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Found 6,313 Collections


The Darkest Month: Coal Mining Disasters of December 1907

The Darkest Month contains activities, primary sources, and other information to help teach students about the effect of transportation in western Pennsylvania  (be sure to click on the paper clip and/or info icon on each item to find out more about it). 

This resource was originally created to commemorate the centennial anniversary of the Darr and Monongah coalmining disasters – two of the worst coalmining disasters in American history. Occurring in Jacobs Creek, Pennsylvania, and Monongah, West Virginia, these devastating mine explosions revealed the overly hazardous conditions faced by immigrant coalminers drawn to the Pittsburgh Coal Seam by the prospect of work. The story of the miners who perished in December of 1907, known at the time as the “dreadful month” because of a string of mining disasters nationwide that left nearly 3,000 miners dead, affords a long overdue opportunity to discuss the historical impact of coalmining on the greater Pittsburgh region. It also illuminates larger social history themes including the interrelationship of immigration, industry, capitalism, and organized labor. The fact that these industrial disasters occurred in 1907, the peak year of immigrant arrivals to Ellis Island, underscores the centrality of immigration to the American coalmining story. With heavy attention on ethnic life, these resources show how European immigrants modeled their Old World lives within their new industrial homes and used these institutions to survive their day to day work in an extremely dangerous industry.


The Declaration of Independence

On July 4, 1776, the Declaration of Independence was signed by the delegates of the Constitutional Congress. It's important because it holds the ideals and beliefs of our nation that were written by our nations Founding Fathers. The Declaration of Independence was written by Thomas Jefferson alongside with the ideas of Benjamin Franklin, Robert Livingston, Roger Sherman, and John Adams. "The Declaration of Independence states that all men are created equal and are entitled to "life, liberty, and the pursuit of happiness." These ideas would be expressed again in the new republic's Constitution. These ideas form the basis of our beliefs about the role of our government in our lives today."

Lauryn Ransom

The Declaration of Independence and Slavery - "The Paradox of Liberty" (Rhetorical Analysis)

This collection will be used to supplement students' rhetorical analysis of The Declaration of Independence. Earlier in the year, students discussed the paradoxical nature of the Puritans arriving in the New World to escape religious intolerance, yet they were exceedingly intolerant of other religions (i.e., Quakers). In a similar fashion, we'll examine the Declaration of Independence and a critical portion deliberately removed: references to abolishing slavery. We will examine a variety of works of art, noting the clues they give us regarding our founding fathers' often complex ideologies. #SAAMteach

A Detailed lesson plan follows in the "Notes to Other Users."

Annette Spahr

The Democratization of Portraiture: Prints and Drawings of all the People by the People

This collection serves as a preview for the first seminar session of the 2018 Smithsonian-Montgomery College Faculty Fellowship Program. This year's theme is “We the People: America’s Grand and Radical Experiment with Democracy.”

National Portrait Gallery curator Asma Naeem and educator Briana Zavadil White will present an engaging and interactive examination of the democratization of portraiture in the United States, and model close looking techniques that Fellows can use with their students. Included within are a presentation description, participant bios, a "reading portraiture" guide, and images and articles for participants to consider in advance of the session.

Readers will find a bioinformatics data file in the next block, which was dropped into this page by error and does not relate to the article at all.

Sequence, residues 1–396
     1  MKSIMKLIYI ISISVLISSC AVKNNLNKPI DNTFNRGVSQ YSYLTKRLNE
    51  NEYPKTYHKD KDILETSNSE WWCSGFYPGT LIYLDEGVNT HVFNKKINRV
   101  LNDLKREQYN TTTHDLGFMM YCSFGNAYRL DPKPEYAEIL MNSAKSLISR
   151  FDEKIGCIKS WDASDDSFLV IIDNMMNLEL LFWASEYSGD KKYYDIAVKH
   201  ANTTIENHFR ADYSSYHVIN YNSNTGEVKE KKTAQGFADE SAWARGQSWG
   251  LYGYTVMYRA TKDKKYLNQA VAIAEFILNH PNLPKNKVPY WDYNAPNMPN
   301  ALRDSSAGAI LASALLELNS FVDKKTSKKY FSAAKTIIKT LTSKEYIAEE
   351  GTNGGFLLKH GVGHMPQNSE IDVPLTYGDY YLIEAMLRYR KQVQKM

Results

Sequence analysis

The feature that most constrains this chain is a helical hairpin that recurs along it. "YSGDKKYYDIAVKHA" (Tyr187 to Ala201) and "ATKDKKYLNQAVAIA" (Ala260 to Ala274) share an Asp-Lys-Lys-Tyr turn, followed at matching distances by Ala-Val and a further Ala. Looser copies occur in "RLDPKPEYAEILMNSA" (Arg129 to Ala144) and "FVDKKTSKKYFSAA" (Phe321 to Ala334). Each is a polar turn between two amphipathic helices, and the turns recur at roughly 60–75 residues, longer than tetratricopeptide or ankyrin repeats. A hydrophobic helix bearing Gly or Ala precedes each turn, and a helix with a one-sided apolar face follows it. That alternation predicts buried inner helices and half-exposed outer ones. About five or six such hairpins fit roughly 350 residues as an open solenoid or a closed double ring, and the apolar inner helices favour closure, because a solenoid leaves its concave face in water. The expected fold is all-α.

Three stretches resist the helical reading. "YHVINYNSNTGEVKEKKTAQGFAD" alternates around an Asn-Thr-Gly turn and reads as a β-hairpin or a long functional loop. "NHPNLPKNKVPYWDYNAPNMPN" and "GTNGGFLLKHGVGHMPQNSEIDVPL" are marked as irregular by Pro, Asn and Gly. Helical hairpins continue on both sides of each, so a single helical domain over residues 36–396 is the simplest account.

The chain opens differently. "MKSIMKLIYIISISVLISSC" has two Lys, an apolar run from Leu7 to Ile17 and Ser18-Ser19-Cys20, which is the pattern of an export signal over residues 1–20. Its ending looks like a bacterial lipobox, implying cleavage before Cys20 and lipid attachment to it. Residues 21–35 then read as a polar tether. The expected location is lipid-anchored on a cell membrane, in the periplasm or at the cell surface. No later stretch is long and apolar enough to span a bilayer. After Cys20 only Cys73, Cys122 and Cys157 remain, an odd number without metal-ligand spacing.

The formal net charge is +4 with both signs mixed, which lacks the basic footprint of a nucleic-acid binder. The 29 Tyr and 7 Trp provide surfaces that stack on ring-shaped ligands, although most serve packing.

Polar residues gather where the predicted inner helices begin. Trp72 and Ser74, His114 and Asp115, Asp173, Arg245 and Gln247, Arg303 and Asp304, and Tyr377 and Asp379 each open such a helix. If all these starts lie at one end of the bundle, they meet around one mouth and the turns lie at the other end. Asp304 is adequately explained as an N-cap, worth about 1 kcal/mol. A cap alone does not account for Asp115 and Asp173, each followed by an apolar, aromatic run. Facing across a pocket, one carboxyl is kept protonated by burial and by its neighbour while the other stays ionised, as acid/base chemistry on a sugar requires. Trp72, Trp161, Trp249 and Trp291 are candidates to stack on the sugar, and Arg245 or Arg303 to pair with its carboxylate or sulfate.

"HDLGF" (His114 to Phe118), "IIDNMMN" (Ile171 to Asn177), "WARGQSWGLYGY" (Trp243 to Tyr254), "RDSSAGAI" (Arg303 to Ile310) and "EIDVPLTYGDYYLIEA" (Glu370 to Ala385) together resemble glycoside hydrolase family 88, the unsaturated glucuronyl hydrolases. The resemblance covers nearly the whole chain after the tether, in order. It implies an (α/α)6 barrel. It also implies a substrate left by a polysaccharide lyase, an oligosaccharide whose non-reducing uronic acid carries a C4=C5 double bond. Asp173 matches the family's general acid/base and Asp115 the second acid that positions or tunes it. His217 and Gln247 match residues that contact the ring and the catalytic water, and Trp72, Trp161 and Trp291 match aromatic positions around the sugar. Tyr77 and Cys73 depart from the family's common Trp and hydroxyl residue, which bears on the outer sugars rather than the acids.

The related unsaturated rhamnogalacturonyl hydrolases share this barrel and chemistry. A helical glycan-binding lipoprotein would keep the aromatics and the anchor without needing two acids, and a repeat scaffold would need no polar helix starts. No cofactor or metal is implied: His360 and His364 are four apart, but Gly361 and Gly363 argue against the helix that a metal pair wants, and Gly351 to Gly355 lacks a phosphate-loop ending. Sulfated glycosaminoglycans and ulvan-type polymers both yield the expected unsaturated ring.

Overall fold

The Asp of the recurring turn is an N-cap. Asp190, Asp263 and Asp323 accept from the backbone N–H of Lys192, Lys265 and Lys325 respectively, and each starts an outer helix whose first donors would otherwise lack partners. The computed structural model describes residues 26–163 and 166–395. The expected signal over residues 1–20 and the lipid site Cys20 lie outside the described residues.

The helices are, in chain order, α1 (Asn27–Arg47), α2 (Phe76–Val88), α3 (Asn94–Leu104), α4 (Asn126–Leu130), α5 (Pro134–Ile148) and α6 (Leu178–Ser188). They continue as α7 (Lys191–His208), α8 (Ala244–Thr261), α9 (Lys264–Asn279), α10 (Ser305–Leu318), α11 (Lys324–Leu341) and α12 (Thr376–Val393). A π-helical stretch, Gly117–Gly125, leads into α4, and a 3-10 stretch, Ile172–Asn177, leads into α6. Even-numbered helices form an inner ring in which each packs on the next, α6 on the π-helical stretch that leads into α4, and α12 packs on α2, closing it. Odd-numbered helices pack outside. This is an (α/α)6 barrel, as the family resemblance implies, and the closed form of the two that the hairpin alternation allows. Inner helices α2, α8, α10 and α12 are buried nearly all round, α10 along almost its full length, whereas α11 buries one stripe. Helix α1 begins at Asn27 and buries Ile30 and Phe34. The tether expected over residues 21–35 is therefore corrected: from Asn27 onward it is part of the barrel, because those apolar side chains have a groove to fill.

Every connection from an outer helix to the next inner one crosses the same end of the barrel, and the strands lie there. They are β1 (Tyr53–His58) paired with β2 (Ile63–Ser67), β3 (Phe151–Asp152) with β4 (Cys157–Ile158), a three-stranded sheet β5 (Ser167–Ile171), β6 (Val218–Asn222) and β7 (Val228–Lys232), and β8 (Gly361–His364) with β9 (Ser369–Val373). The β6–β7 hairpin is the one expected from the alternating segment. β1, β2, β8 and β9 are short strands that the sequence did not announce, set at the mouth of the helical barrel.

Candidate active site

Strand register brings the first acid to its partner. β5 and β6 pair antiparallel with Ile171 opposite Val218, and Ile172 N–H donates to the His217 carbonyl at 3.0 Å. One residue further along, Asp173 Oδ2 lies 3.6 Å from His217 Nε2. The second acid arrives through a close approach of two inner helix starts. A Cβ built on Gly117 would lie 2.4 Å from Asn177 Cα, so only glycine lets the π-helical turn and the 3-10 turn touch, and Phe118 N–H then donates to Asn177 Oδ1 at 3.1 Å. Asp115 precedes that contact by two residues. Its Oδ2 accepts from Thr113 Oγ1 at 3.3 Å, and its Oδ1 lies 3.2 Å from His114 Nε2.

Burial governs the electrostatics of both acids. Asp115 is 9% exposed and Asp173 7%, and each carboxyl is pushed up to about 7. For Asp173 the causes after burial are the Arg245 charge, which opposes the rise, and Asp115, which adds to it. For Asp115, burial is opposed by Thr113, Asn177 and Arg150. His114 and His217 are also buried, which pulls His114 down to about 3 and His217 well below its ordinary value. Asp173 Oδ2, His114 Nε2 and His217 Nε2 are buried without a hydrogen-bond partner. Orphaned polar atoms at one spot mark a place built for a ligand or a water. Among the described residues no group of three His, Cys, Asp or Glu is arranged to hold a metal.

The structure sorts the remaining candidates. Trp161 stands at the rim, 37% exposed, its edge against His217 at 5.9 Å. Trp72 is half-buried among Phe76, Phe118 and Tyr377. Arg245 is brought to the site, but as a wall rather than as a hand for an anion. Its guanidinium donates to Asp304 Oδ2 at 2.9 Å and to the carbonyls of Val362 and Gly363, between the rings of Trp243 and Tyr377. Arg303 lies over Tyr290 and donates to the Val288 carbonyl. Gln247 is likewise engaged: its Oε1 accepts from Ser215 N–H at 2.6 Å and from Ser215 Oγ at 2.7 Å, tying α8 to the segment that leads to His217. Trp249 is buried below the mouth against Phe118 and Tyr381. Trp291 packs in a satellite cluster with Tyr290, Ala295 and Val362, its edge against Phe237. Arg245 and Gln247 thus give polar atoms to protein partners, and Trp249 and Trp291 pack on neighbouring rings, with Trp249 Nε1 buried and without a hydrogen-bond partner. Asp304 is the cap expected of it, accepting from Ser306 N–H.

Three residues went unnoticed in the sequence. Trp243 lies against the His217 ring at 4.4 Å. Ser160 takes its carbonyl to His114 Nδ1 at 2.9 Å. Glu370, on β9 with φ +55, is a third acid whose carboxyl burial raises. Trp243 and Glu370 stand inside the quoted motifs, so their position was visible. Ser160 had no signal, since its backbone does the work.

Christopher Columbus, Yarrow Mamout, Charles Mingus, Lena Horne, Leonard Roy Harmon, Bill Viola

Philippa Rappoport

The Differences In Purpose

In this collection every image tells the story of what the purpose of food is in the documentaries, Chef's Table Season 1 Ep.2: Dan Baber and The Search for General Tso. In the first three images Dan Baber's purpose of food is shown the first image represents how the chef Dan Baber is aware of the power of the chef to influence and educate how people think about food. The second and third images represents the farm to table movement that Dan ultimately hopes to become a success in society. The four images that follow show the different purpose that the Chinese food serves in the documentary The Search for General Tso. which is more of a story of coming to a new world which was the case for the Chinese immigrants as pictured in the fourth and fifth images and to survive and make a living as shown in the last image.

Jonathan Carmona

The Dred Scott Case

The Dred Scott case was one of America's most controversial Supreme Court decisions. Who was Dred Scott and did he have a right to his freedom?
The goal of this Collection is to engage students to read and research people and texts that comprised this historical event then write a persuasive essay based on opinion gathered from details and facts procured from their readings and research.

Dred Scott
Dred Scott vs Sanford
Dred Scott vs Sandford
U.S. Supreme Court
Supreme Court
Chief Justice Taney
Declaration of Independence
Missouri Compromise
Pre Civil War Era
Linda Muller

The early 1900s

The purpose of this project is to depict the decade from 1900-1910. This was an era of prosperity yet suffocated qualms, such as workers' and women's rights. This was a time of women's bodily and social restriction at the same time of men's power in large businesses. For many around the world, the U.S. meant the future, yet still others were in the midst of oppression from the very same source. This period was a time of struggle for justice and sense, freedom from hypocrisy. 

Bryn Spencer

The Edward H. & Rosamund B. Spicer Photos of Yaqui Culture